The Self-Love Book Club Reads Outrageous Openness.

Outrageous Openness was our February read for The Self-Love Book Club and I have to admit, it took me by surprise. We chose it at the recommendation of Nikola, my co-host for the London group and I went into it feeling skeptical. I have conflicted feelings about the universe or divine source, or whatever you want to call it. On the one hand, I . But on the other, I'm a staunch believer that life is ultimately the product of your choices and your actions. No more, no less. So anything that preaches just trusting the universe to take care of you, feels a bit too woo-woo for me.

But Tosha Silver blends a belief in divine guidance with a knowledge of the need to step up and do your part to make things happened. The book is peppered with anecdotes and humour, alongside prayers and rituals for becoming more in-tune with the flow of life. It was came as a welcome reminder not hold on so tightly to outcomes and instead to view unexpected twists or "setbacks" as opportunities in disguise. It's a quick read and since finishing it, I've found myself applying this wisdom to release my stranglehold on how I want things to be and instead to enjoy things how they are.

It seems like most of us were pleasantly surprised by what this book had to offer. Here's what a couple of the other girls had to say:

"My first impression of Outrageous Openness was one of cynicism. A book that's talking to me about the Divine Source surely won't have anything concrete and actionable to teach me. I couldn't have been more wrong. The simple act of reading the book was like taking a deep breath and then letting it all out again. A relief. Permission to relax and loosen my shoulders. The words were a comfort to me at a time when I particularly needed them, and I will continue to look back at the book when I want to remind myself that the Universe, Divine Source, or whatever you'd like to call it, has got my back." - Rebecca Hunter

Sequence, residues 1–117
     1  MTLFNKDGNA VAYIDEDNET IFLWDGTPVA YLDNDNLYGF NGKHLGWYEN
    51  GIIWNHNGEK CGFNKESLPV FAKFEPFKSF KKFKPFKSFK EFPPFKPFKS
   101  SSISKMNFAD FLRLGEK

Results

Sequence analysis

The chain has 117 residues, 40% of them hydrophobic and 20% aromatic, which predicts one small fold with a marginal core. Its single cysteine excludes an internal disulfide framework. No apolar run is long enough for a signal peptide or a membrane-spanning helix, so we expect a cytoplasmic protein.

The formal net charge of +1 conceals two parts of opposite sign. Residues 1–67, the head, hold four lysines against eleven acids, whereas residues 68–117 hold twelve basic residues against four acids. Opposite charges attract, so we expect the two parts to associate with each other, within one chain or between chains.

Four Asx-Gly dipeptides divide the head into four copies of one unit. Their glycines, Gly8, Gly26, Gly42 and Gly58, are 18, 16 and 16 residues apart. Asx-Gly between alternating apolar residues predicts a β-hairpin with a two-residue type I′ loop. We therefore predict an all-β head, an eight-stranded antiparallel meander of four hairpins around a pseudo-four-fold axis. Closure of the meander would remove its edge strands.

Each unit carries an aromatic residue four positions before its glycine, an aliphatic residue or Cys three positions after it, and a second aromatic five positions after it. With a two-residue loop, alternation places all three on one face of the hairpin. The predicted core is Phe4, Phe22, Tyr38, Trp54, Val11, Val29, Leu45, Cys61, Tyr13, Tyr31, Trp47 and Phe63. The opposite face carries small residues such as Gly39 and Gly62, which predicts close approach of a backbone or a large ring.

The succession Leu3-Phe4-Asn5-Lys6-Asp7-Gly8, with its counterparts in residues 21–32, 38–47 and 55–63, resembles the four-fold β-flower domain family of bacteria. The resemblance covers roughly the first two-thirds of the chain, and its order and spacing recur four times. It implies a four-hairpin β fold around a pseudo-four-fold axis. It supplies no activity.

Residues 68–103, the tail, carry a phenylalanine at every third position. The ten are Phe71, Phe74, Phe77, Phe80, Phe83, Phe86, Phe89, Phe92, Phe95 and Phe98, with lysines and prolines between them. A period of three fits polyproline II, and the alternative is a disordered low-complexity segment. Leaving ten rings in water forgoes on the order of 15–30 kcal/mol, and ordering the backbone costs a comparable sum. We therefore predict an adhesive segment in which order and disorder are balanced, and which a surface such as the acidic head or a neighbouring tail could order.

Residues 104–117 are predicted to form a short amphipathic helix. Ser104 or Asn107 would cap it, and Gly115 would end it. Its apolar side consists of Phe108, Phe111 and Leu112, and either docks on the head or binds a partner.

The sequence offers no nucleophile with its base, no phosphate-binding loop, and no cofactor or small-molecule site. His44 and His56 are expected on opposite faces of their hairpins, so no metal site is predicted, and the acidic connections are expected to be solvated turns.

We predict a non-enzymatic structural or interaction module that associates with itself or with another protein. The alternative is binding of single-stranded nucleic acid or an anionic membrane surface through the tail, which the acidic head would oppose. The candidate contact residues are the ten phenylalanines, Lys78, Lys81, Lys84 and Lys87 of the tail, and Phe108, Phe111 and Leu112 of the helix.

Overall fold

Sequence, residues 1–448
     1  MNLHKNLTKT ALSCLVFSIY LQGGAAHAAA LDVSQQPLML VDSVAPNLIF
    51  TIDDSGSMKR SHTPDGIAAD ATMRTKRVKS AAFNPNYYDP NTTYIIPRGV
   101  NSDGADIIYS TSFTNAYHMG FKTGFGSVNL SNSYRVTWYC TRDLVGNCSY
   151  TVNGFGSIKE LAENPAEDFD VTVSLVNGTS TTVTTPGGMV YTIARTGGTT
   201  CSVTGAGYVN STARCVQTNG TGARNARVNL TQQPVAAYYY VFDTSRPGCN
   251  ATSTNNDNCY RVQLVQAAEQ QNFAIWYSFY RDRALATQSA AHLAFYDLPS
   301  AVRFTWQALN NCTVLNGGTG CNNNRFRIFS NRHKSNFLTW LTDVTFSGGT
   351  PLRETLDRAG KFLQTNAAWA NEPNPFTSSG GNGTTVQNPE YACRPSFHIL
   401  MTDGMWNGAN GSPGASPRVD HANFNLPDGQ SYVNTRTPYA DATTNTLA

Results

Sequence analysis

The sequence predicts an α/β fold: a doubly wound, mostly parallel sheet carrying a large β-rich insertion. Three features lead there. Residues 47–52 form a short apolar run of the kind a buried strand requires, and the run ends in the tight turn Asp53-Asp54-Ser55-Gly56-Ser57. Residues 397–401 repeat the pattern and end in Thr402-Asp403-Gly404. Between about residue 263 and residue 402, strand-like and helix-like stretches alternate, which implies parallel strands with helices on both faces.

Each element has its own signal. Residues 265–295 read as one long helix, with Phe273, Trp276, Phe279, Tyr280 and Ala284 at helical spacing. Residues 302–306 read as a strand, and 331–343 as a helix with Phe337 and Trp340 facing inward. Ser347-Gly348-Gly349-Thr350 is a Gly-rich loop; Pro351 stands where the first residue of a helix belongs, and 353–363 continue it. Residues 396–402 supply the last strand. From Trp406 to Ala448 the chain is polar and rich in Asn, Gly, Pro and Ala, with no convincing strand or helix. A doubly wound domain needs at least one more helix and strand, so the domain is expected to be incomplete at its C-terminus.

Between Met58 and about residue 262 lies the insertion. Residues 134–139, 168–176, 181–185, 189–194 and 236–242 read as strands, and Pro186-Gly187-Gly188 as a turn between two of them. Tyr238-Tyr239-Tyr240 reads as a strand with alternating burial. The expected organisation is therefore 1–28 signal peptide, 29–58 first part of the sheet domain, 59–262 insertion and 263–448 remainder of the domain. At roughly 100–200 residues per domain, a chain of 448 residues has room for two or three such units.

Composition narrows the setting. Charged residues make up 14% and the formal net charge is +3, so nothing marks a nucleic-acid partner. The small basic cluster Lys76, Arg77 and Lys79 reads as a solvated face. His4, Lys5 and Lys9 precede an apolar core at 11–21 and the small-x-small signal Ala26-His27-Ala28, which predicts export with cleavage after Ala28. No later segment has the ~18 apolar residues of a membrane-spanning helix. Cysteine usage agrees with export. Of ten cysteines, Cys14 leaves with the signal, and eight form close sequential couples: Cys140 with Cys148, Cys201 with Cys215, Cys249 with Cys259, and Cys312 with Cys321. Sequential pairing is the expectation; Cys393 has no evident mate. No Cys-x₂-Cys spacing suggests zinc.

"Outrageous Openness was inspiring, a delightful arrangement of wisdom in the form of rehashing tiny stories of relevance. Not being religious myself, but always feeling spiritual, I have often cringed at the thought of people who blindly put all of their hope in God. However, now I've come to see that this can be a spiritual practice of attuning yourself with the highest vibrations in the universe and releasing yourself to that higher calling, which is quite different from trusting God out of fear or a crushing thought of a predetermined future. I think tapping into the Divine Source in the way described could prove to be very enlightening!" - Colette Hanson

Have you read Outrageous Openness? Please feel free to share your thoughts in the comments!

And if you'd like to join us our next few books are The Big Leap by Gay Hendricks in March, Mama Gena's School of Womanly Arts: How to Use the Power of Pleasure to Have Your Way with the World by Regena Thomashauer in April, and Finding Your Own North Star by Martha Beck in May. You can join our discussion on Facebook or meet up with us in person in London!

Love, almond milk lattes, & dog-eared pages,